With the above various meanings of ‘hambone’ in mind, ranging from a culinary ingredient, over a strong rhythmic dance and a degrading nickname to an imaginative reference to sex, we would understand why naming the Richmond baseball team as ‘Hambones’ would have provoked chuckling with some, and feelings of indignation with others. “Flying Squirrels” was after all not that bad as a final choice.





(°) My sincere thanks go to Michael who has suggested me to explore the hambone topic. I owe him a lot for this proposal, and for his continuing stimulation of the exploration of the blues’ roots. Naturally, I am solely accountable for the content of my writings.

(°°) One theory says that “Juba” comes from the word “nzuba”, a thigh-slapping dance of Kongo origin. The name derived from the Ki-Kongo verb “zuba” that means “to slap”. African descendants performed the Juba in Haïti and in Cuba, where it was called “Giouba” and “Djouba”. (quoted in: F.W. Evans, Congo Square, 2011)

(°°°) If you have difficulty visualizing the act, have a look first at the footage that I collected for you at the following links:



(°°°°) Allow me a small step aside on the cake walk. The naming of this dance is a bit of a puzzle (R.D. Abrahams). One theory says that the name comes from the cake given as a prize for the ​couple during slave feasts who danced best. It has been quoted in the same context as the chalk line dance during which slaves were to dance and walk on a chalk line on the ground with a pail of water on their heads. The cakewalk is interpreted frequently as a kind of signifying dance that made fun of the high manners of the white folks. As one author concludes the Cakewalk was meant “to satirize the competing culture of supposedly ‘superior’ whites. Slaveholders were able to dismiss its threat in their own minds by considering it as a simple performance which existed for their own pleasure” (B. Baldwin, 1981: The Cakewalk: A study in stereotype and reality. Journal of Social History, 15 (2), 205-218.)




















Books :​

– Keith D. Miller, Martin Luther​ King’s Biblical Epic: His final, Great Speech,​​ 1998

– William M. Tuttle, Race Riot: Chicago in the Red Summer of 1919, 1996

– Joseph B. Atkins, Covering for the bossess: labor and the Southern press, 2011

​- Stephen Calt, Barrelhouse words: a blues dialect dictionary, 2009

– John T. Edge, Editor, The New Encyclopedia of Southern Culture, 2007

– Robert Springer, Fonctions sociales du blues, 1999

– Debra DeSalvo, The language of the blues from Alcorub to Zuzu, 2006

– Rose M. Nolen, Hoecakes, Hambone, and All That Jazz: African American Traditions in Missouri, 2003

– Nathaniel Mackey, Paracritical Hinge: Essays, Talks, Notes, Interviews, 2005

– Cheryl Lynette Keyes, Rap Music and Street Consciousness (Music in American Life), 2004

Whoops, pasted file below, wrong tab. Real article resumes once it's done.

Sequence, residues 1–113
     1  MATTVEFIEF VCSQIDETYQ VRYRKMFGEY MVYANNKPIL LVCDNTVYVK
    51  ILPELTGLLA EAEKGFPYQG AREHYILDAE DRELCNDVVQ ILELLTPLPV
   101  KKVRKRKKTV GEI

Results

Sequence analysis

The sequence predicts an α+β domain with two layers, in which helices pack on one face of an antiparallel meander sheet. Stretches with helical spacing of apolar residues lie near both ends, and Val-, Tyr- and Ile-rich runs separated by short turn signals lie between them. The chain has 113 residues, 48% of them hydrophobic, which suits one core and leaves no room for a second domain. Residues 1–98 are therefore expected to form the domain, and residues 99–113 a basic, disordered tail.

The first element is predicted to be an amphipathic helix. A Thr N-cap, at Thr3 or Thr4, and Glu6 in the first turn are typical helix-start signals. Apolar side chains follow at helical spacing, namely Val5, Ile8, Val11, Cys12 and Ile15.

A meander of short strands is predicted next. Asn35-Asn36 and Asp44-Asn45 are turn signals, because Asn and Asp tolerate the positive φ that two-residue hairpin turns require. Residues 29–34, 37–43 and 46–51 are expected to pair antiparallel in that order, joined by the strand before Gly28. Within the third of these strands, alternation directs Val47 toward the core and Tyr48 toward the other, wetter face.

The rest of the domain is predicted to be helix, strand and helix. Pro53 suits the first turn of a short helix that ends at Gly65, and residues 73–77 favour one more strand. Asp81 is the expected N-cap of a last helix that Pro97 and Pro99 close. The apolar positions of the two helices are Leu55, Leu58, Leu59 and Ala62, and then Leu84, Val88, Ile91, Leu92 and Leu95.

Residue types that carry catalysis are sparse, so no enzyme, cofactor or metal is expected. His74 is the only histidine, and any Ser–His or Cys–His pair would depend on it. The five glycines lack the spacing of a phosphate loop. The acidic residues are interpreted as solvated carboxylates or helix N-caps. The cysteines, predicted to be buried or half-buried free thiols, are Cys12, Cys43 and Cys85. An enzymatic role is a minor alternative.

– Wayne Erbsen, Front Porch Songs, Jokes & Stories: 48 Great Sing-Along Favorites, 2001

– John M. Coggeshall, Carolina Piedmont Country, 1996

– Ming Fang He, JoAnn Phillion, Personal, Passionate, participatory inquiry into social justice in education, 2008

– Greil Marcus et al., Rockabilly: The Twang heard ’round the world: the illustrated history, 2011

– Michael Bennet, Vanessa D. Dickeron, Recovering the black female body: self-representations by African American women, 2000

– Clarenda M. Phillips, African American fraternities and sororities: the legacy and the vision, 2010

– Jack Isenhour, He Stopped Loving Her Today: George Jones, Billy Sherrill, and the Pretty-Much Totally True Story of the Making of the Greatest Country Record of All Time (American Made Music), 2011

– Cleophus J. Larue, More power in the pulpit, 2002

– Jennifer A. Lemak, Southern Life, northern city: the history of Albany’s Rapp Road Community, 2008

– Sherman E. Pyatt, Alan Johns, A dictionary and catalog of African American folklife of the ​South, 1999

– Shane White, Graham J. White, Stylin’: African American expressive culture from its beginnings to the zoot, 1999

– Emmett George Price, Encyclopedia of African American music, vol. 3, 2010

– Samual A. Floyd, The power of black music: interpreting its history from Africa to the United States, 1996

– John Lowe, Jump at the sun: Zora Neale Hurston’s cosmic comedy, 1994

– Amber Wilson, Jamaica the Culture, 2003

– William Randolph Scott, William G. Shade, Upon these shores: themes in the African-American ​experience, 1600 to the present, 1999

– Simon Gikandi, Slavery and the culture of taste, 2011

– David Buisseret and Steven G. Reinhardt, Creolization in the Americas, 2000

– Dena J. Epstein, Sinful tunes and Spirituals, 2003

– Roger D. Abrahams, Singing the master, 1992

– Erica Nielsen, Folk Dancing, 2011

– Verene Shepherd, Working Slavery, pricing freedom: perspectives from the Caribbean, Africa and the African Diaspora, 2011

– Mark Knowles, Tap Roots: the early history of tap dancing, 2002

– Jack Shuler, Calling out liberty: the Stono slave rebellion and the universal struggle for human rights, 2011

– James Walvin, Black ivory: slavery in the British empire, 2001

– Langston Hughes, Essays on Art, Race, Politics, and World Affairs, 2002

– Shane White, Graham J. White, The sounds of slavery, 2006

– Randall M. Miller, John David Smith, Dictionary of Afro-American Slavery, 1997

– Charles Joyner, Down by the riverside: A South Carolina Slave Community, 1986

– Katrina Hazzard-Gordon, Jookin’: the rise of social dance formations in African-American culture, 1992

– Bill C. Malone, David Stricklin, Southern music/American music, 2003

– Wilma King, Stolen childhood: slave youth in Nineteenth-century America, 1998

– James L. Conyers, African American jazz and rap, 2000